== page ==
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Fig. 4. Priming depends on Vtc1p and Vtc4p. Vacuoles were prepared from different vtc deletion mutants [strains OMY2 (B), OMY3 (C), OMY4 (D) and SBY83 (F)] and from their corresponding wild types [OMY1 (A) and SBY86 (E), respectively]. (A) Sec17p/α-SNAP release. Standard fusion reactions (3-fold volume) without cytosol were incubated (70 min) without ATP on ice (–fusion) or with ATP at 27°C (+fusion). Reactions were chilled on ice and centrifuged (10 000 g, 10 min, 4°C). The supernatants (S) were recovered and the pellets (P) resuspended in 90 µl of PS buffer. All samples were TCA-precipitated and processed for SDS–PAGE and western blotting with the antibodies indicated. Alkaline phosphatase (ALP) serves as a membrane integral vacuolar marker. (B) Effect of anti-Vtc4p on Sec17p release. Vacuoles (BJ3505) were used in standard fusion reactions without cytosol supplemented with affinity-purified antibodies to Vtc4p or with control antibodies (protein G-purified from a non-immune serum). After 10 min on ice, the ATP-regenerating system was added and the samples incubated for 15 min on ice (–fusion) or at 27°C (+fusion). The vacuoles were diluted with 0.5 ml of PS, 150 mM KCl, 1× PIC, 0.5 mM PMSF, re-isolated (10 000 g, 10 min, 4°C), resuspended in 0.2 ml of the same buffer, TCA-precipitated and analyzed as in (A). Antibody concentrations were 45 µM. (C) SNARE complex disruption. Standard fusion reactions (15-fold volume) without cytosol were incubated without the ATP-regenerating system on ice or with the ATP-regenerating system at 27°C for 10 min. SNARE complexes were recovered by immunoprecipitation and analyzed by SDS–PAGE and western blotting.
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Fig. 5. Rescue of vtc1Δ vacuoles by exogenous Sec18p. (A) Fusion activity. Standard fusion reactions without cytosol were performed with vacuoles from vtc1Δ (OMY2, OMY5) or corresponding wild-type cells (OMY1, DKY 6281). The samples had been supplemented with 15 µg/ml Sec18p and the indicated amounts of LMA1. One hundred per cent fusion was 6.40 U. (B) As in (A), but the reactions were supplemented with the indicated amounts of Sec18p. (C and D) Priming. Vacuoles from strain OMY2 (vtc1Δ) were incubated in fusion reactions without cytosol, but supplemented with 15 µg/ml purified Sec18p and 0.5 µg/ml LMA1 or with control buffer only. Vacuoles were analyzed for SNARE complex disruption (C) after 10 min at 27°C as in Figure 4C. Sec17p and HOPS (Vps41p) release (D) were assayed at the end of the fusion reaction as in Figure 4A. (E) V0 trans-complex formation was assayed as described (Peters et al., 2001). Fusion reactions (1 ml) without cytosol were incubated (27°C, 45 min) in the presence or absence of Sec18p (15 µg/ml) and LMA1 (0.5 µg/ml). They contained a mixture of vacuoles bearing either Vph1p-His6-HA3 or Vph1p-AU1 [strains OMY8/OMY9 (wt); OMY10/OMY11 (vtc1Δ)]. Vph1p-His6- HA3 was immunoprecipitated. Co-immunoprecipitated Vph1p-AU1 was analyzed by western blotting.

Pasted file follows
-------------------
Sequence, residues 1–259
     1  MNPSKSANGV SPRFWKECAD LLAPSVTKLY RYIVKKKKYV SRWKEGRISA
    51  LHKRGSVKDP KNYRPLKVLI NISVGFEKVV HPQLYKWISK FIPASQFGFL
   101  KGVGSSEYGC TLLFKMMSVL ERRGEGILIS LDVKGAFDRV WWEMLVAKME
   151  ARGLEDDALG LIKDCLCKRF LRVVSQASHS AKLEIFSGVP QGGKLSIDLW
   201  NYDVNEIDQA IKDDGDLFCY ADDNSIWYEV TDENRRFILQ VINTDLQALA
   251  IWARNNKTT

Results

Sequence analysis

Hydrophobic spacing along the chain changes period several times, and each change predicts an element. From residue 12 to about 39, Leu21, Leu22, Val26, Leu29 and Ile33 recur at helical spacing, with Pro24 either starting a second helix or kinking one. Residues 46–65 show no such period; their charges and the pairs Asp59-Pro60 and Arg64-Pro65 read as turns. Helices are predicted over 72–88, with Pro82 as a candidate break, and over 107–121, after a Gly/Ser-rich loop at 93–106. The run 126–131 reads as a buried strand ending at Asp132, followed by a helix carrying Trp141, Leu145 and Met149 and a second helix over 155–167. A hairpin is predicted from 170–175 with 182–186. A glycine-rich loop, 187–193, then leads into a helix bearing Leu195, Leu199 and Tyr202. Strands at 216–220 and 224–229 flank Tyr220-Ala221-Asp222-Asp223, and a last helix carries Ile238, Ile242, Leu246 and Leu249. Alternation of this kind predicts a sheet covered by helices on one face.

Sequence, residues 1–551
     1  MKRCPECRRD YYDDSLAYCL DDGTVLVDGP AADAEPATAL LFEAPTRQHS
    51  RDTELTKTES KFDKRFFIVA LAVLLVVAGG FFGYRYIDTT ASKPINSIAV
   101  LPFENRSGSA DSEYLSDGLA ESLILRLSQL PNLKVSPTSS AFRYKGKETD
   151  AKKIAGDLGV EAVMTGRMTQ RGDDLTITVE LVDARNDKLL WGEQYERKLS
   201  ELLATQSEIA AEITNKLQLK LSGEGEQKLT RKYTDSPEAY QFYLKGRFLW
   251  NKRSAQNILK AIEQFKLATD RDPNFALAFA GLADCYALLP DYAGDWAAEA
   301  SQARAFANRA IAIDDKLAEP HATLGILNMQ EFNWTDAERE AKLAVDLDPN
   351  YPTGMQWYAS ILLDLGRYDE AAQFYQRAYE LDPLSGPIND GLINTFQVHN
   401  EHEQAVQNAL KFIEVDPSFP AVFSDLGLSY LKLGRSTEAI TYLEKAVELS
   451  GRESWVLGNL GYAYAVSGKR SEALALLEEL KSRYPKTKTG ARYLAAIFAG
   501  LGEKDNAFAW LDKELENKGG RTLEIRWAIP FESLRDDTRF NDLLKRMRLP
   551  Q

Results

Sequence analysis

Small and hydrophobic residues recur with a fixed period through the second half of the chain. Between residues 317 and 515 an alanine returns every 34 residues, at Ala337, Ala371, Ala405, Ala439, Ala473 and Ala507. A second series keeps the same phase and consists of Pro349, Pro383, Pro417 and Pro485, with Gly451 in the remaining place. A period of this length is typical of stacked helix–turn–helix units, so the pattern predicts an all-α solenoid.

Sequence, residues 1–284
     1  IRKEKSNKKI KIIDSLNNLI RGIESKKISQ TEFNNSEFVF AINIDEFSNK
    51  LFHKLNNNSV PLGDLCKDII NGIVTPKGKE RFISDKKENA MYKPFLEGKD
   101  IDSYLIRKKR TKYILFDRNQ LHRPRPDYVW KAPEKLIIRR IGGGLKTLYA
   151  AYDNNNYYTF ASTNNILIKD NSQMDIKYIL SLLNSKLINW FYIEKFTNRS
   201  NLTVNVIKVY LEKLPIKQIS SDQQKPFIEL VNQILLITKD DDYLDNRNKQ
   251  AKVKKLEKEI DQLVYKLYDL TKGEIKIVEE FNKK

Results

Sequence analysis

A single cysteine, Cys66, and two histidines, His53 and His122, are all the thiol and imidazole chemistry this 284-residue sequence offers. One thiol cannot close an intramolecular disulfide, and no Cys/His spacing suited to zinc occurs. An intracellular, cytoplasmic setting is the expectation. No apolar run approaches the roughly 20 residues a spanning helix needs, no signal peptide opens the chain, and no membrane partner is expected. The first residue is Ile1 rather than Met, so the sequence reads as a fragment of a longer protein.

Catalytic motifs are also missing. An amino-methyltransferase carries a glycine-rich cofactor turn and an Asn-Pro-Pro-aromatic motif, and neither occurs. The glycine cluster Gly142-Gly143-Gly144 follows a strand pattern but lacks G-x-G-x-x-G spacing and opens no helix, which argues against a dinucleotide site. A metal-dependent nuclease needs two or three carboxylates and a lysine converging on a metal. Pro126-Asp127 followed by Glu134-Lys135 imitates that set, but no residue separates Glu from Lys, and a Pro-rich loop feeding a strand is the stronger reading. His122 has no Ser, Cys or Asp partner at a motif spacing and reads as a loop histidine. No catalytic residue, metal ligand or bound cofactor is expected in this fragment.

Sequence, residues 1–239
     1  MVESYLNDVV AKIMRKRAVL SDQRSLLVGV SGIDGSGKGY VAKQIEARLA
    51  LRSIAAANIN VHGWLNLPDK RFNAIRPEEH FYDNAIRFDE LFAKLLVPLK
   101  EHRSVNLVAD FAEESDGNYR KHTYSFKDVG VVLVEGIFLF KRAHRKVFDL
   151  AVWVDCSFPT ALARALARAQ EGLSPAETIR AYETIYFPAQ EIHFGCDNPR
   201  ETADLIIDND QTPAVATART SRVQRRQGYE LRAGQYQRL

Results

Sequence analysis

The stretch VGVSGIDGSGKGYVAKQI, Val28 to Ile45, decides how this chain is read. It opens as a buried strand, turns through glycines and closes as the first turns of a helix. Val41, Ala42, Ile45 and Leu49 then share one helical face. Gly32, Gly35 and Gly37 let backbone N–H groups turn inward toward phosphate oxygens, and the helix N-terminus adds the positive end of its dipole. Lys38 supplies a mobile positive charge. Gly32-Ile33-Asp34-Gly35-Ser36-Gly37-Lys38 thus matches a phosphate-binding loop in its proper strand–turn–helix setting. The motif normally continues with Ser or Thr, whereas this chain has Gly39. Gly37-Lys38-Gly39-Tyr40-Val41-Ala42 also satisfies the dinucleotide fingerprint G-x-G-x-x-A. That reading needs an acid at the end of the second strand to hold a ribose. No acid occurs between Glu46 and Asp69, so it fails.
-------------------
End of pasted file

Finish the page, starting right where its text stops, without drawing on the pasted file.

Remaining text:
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Fig. 6. Time course of inhibition by antibodies to Vtc4p. Standard fusion reactions without cytosol were started. After the indicated times at 27°C, inhibitors or control buffer only were added. The samples were left on ice for 10 min and then transferred to 27 or 0°C for the rest of the 70 min reaction period. Finally, fusion activity was assayed. Inhibitors used were 2 µM anti-Sec18p, 5 µM Gdi1p, 2 µM anti-Nyv1p and 80 µM anti-Vtc4p.
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Fig. 7. Vtc3p affects a step between V0 trans-complex formation and LMA1 release. (A) Effect of Sec18p and LMA1 on fusion of vtc1Δ and vtc3Δ vacuoles. Vacuoles prepared from vtc3Δ (strains OMY3/OMY6) or vtc1Δ (strains OMY2/OMY5) were used in standard fusion reactions with the indicated additions of Sec18p (15 µg/ml) and LMA1 (0.5 µg/ml). After 70 min at 27°C, fusion activity was assayed. Fusion of the mutant vacuoles without Sec18p and LMA1 was set as the 1× value for each strain (compare with Figure 2B; n = 3). (B) V0 trans-complex formation was assayed as in Figure 5E, but without Sec18p and LMA1, using wild-type (OMY8/OMY9) or vtc3Δ (OMY12/OMY13) vacuoles.